He slammed his foot down onto Lukas’s hand, hard enough that Isla could hear the gruesome snap of his fingers. His cry out was one she was all-too-familiar with as he lost his grip on his weapon. There was a metallic, taunting ring, louder than she expected, when it was kicked away and collided with the Gate.

The Guard pressed his foot to Lukas’s throat before baring his teeth, sharp canines, and brandishing his claws. “Wrong move.” His growl rumbled and eyes became iridescent.

Lukas screamed, horrified and frustrated, as he thrashed beneath him. It roared down Isla’s spine.

No.

The crowd began splitting, dividing even further than they already had been. In true fashion, those who’d been close—the ones who’d been pulling at the Gate, who would’ve been the first line of defense against the Bak—pressed closer. The weary—the simple spectators who’d come for a look at history, a show of triumph, only to be completely staggered—pulled away, practically sprinting up the grass, likely wanting to forget what they saw, wanting to find a way to get the scent of magic out of their noses. The Hunter had been pulled away too.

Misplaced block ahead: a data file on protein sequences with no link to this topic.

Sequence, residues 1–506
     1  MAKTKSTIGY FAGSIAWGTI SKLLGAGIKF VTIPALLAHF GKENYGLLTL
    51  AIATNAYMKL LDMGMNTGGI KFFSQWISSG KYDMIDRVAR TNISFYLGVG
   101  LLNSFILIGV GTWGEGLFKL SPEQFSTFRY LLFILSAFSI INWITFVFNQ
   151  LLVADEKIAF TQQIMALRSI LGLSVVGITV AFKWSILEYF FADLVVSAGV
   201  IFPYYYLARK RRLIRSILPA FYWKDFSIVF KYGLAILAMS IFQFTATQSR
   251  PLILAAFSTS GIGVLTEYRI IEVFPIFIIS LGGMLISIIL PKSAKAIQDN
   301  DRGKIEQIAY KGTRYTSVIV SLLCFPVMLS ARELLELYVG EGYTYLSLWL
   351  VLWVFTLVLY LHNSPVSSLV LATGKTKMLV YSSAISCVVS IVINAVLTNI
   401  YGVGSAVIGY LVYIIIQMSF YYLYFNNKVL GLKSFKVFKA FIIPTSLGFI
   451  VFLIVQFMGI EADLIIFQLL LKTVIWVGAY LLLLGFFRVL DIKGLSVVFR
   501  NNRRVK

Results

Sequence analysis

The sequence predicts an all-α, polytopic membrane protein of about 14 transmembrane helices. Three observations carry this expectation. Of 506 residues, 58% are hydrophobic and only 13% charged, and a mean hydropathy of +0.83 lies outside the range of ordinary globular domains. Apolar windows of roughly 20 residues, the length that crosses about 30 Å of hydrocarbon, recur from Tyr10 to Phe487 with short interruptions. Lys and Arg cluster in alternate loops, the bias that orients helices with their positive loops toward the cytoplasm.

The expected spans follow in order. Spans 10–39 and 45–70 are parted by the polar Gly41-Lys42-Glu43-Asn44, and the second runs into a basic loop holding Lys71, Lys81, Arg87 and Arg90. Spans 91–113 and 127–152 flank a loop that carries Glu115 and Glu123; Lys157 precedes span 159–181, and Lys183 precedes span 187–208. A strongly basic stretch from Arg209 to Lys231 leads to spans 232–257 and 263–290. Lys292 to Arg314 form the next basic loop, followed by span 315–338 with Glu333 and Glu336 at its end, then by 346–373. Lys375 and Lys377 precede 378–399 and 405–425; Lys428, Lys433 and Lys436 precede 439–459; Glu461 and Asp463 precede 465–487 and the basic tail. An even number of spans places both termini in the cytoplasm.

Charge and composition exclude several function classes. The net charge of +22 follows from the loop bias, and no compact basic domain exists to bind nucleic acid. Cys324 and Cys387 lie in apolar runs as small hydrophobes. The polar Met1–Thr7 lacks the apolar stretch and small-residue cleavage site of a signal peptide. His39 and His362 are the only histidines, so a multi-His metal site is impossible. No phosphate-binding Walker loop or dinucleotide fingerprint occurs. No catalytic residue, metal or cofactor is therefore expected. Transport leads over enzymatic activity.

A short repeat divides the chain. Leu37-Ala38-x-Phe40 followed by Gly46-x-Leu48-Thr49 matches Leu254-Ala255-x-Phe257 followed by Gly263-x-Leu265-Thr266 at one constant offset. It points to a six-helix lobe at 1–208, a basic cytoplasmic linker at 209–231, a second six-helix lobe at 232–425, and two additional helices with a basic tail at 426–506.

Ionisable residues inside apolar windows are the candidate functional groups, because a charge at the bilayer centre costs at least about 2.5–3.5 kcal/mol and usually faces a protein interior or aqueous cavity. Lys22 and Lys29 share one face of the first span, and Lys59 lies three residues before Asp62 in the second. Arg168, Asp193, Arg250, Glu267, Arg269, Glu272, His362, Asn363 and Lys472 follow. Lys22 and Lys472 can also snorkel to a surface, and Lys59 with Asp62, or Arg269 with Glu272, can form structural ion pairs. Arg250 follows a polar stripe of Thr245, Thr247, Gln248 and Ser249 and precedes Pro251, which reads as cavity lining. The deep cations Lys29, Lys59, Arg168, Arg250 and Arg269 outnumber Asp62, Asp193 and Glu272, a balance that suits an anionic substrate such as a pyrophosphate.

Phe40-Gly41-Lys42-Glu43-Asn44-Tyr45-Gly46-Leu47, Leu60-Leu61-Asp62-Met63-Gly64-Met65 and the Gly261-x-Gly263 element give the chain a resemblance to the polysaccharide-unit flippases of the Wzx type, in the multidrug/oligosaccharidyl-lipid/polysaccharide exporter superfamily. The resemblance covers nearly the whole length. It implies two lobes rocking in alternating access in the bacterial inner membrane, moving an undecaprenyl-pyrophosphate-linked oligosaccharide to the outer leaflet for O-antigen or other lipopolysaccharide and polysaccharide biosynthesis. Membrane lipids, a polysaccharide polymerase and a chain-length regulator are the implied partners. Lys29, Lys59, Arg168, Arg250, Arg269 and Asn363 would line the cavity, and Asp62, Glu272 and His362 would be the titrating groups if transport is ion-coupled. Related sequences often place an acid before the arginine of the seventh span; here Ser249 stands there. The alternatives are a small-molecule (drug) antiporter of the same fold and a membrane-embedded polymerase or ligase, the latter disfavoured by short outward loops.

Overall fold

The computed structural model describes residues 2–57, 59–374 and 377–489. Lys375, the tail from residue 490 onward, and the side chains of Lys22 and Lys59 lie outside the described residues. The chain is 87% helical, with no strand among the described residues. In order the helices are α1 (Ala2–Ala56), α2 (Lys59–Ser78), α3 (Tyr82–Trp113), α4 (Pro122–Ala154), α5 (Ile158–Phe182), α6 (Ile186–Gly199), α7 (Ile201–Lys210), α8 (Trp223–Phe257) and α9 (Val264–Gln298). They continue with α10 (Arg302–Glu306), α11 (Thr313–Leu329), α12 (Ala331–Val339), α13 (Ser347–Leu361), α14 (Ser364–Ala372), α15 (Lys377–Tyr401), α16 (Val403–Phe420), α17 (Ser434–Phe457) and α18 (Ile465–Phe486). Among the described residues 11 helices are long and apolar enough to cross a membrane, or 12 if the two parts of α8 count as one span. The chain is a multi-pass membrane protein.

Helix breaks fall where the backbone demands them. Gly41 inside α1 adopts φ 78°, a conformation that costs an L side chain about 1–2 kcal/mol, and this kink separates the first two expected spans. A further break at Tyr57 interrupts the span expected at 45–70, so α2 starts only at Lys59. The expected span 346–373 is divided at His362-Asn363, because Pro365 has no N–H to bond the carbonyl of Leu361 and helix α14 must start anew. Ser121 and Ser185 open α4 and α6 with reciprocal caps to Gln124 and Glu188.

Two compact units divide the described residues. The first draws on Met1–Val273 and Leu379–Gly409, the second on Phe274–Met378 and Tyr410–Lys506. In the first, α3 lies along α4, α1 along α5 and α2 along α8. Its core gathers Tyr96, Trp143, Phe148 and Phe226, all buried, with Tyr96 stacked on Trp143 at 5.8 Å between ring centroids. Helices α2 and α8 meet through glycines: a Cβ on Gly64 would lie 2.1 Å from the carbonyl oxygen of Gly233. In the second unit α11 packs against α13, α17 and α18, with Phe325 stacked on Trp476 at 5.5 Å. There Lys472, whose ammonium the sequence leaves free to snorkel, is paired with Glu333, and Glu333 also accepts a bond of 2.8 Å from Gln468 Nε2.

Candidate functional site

Isla found herself caught in the middle, lingering in empty space. The air became charged with power—their true power. Raw and untamed. Feral. Deadly.

“No,” she muttered aloud this time, under her breath. The horde began surrounding Lukas in a way that nearly shielded him from her view. In a way that reminded her of the Bak who’d taken him away. When she’d let them take him away.